Spoon off and discard all but 2 tablespoons of the fat in the skillet. Add onion and red pepper. Cook, stir occasionally, over medium heat until onion is nicely golden, about 8 minutes. Add sliced sausage and garlic; cook, 1 minute. Stir in kale. Cook, stirring, until wilted, about 3 minutes. Stir in wine to mix well. Nestle the chicken, crispy skin side up, into the kale mixture leaving the skin uncovered. Cook, uncovered, on low until chicken juices run clear, about 10 minutes.

Meanwhile, heat broiler. Brush bread slices on both sides with olive oil. Broil bread, 4 inches from heat source until golden, about 1 minute. Flip; top with a little feta cheese. Broil the second side until golden, about 30 seconds.

Sprinkle chicken with parsley leaves. Serve chicken with the bread for mopping up all the pan juices.

*Cook’s Note:
Polish sausage can be substituted for the andouille for a milder dish. Cleaned and cut Tuscan kale, also known as black or lacinato kale, is sold in 10-ounce bags at some grocers. If Tuscan kale is not available in your local area, you can substitute 2 small bunches (about 1 pound total) kale, then trim off tough stems before cutting into 2-inch pieces.

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Thank you so much!

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Coconut Braised Chicken

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This perfectly braised fragrant chicken stew is a cultural transformation of Asian, Central and South American ingredients—coconut, Mexican chorizo, cilantro and lime.

Serves  4

Ingredients:
2 Tablespoons canola oil
3 whole chicken legs
3 chicken thighs
Kosher salt, to taste
Freshly ground black pepper, to taste
½ pound fresh Mexican chorizo, casings removed
1 medium onion, thinly sliced
1 Tablespoon minced peeled fresh ginger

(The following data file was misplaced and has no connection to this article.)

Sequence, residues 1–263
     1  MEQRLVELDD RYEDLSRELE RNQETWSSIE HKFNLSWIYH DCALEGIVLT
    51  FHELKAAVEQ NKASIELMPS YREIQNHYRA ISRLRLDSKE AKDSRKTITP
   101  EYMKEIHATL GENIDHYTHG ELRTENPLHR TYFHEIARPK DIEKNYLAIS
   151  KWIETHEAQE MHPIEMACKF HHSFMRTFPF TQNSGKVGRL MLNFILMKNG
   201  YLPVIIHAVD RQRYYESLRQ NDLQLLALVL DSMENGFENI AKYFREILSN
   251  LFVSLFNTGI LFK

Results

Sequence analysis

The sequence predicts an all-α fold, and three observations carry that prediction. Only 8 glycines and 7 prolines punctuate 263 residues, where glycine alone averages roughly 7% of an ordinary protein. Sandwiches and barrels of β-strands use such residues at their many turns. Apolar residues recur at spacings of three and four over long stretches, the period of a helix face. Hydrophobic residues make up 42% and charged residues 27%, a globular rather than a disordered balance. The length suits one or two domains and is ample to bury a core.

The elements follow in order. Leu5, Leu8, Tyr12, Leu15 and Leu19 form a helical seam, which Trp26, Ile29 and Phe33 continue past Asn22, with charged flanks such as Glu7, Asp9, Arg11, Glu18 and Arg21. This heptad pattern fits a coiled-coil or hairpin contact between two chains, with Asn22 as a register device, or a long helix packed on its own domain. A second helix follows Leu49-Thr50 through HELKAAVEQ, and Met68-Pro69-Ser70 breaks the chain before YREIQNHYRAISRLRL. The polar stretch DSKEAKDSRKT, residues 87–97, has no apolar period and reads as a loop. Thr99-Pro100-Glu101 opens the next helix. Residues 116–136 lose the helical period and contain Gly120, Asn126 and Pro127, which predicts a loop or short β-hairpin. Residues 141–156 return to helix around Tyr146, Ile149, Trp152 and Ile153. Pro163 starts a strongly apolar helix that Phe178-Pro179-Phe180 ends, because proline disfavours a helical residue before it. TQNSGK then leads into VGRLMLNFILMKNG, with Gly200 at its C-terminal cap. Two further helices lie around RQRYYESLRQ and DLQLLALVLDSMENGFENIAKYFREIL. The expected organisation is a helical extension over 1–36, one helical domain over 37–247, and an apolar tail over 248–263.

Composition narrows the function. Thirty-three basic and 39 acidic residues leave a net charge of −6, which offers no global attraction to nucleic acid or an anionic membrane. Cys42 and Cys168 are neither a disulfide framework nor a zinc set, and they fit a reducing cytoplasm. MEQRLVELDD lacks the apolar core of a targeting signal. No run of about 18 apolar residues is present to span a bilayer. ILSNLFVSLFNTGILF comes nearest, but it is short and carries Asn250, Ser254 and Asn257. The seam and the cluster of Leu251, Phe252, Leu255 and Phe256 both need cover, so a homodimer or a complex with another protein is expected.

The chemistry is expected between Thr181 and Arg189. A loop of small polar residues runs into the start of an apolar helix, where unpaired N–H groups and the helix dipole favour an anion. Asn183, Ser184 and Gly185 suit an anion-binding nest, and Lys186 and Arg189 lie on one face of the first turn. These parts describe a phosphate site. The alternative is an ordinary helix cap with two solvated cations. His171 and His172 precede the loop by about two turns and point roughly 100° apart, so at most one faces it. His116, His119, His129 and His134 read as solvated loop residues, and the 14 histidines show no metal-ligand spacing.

1 garlic clove, minced
1 dried chile de árbol, finely crushed
3 cups unsweetened coconut milk
1 pound baking potatoes, peeled and cut into 2-inch pieces
1 Tablespoon unsalted butter
2 Tablespoons fresh lime juice, plus lime wedges for serving
Cilantro sprigs, for garnish

Directions:
Preheat the oven to 425° F.

In a large enameled cast-iron casserole or Dutch oven, heat the oil.

Season the chicken with salt and pepper.

Working in 2 batches, brown the chicken over moderate heat, turning occasionally, about 8 minutes per batch. Transfer the chicken to a large plate, and set aside.

Add the chorizo and onion to the casserole or Dutch oven and cook, stirring to break up the meat, until the onion is translucent, cooking for about 5 minutes.

Stir in the ginger, garlic and chile and cook until fragrant, cooking for about 1 minute.

Add the coconut milk, potatoes and chicken to the casserole or Dutch oven and bring to a simmer.

Cover and braise in the oven for about 1 hour, until the chicken is cooked through. Stir in the lime juice and butter. Taste and adjust the seasoning with salt.

To serve, spoon the braised chicken and potatoes into shallow bowls. Garnish with cilantro sprigs and serve with lime wedges.

Note:
This recipe was featured on the NBC TODAY Food Club webpage in November 2015.